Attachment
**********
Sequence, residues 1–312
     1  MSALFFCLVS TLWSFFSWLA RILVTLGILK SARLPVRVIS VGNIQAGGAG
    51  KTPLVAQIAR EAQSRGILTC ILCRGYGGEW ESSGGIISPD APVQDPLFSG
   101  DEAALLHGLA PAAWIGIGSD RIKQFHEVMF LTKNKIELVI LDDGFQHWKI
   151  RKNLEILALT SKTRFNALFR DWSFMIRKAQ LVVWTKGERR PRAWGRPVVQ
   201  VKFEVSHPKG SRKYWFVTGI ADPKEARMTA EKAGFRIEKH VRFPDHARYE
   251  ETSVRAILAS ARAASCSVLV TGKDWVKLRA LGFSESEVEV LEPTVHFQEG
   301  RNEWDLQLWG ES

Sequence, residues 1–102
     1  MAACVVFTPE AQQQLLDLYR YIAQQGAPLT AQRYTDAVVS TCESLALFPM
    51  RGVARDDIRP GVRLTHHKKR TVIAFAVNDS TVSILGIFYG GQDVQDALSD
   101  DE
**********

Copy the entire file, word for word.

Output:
Sequence, residues 1–312
     1  MSALFFCLVS TLWSFFSWLA RILVTLGILK SARLPVRVIS VGNIQAGGAG
    51  KTPLVAQIAR EAQSRGILTC ILCRGYGGEW ESSGGIISPD APVQDPLFSG
   101  DEAALLHGLA PAAWIGIGSD RIKQFHEVMF LTKNKIELVI LDDGFQHWKI
   151  RKNLEILALT SKTRFNALFR DWSFMIRKAQ LVVWTKGERR PRAWGRPVVQ
   201  VKFEVSHPKG SRKYWFVTGI ADPKEARMTA EKAGFRIEKH VRFPDHARYE
   251  ETSVRAILAS ARAASCSVLV TGKDWVKLRA LGFSESEVEV LEPTVHFQEG
   301  RNEWDLQLWG ES

Sequence, residues 1–102
     1  MAACVVFTPE AQQQLLDLYR YIAQQGAPLT AQRYTDAVVS TCESLALFPM
    51  RGVARDDIRP GVRLTHHKKR TVIAFAVNDS TVSILGIFYG GQDVQDALSD
   101  DE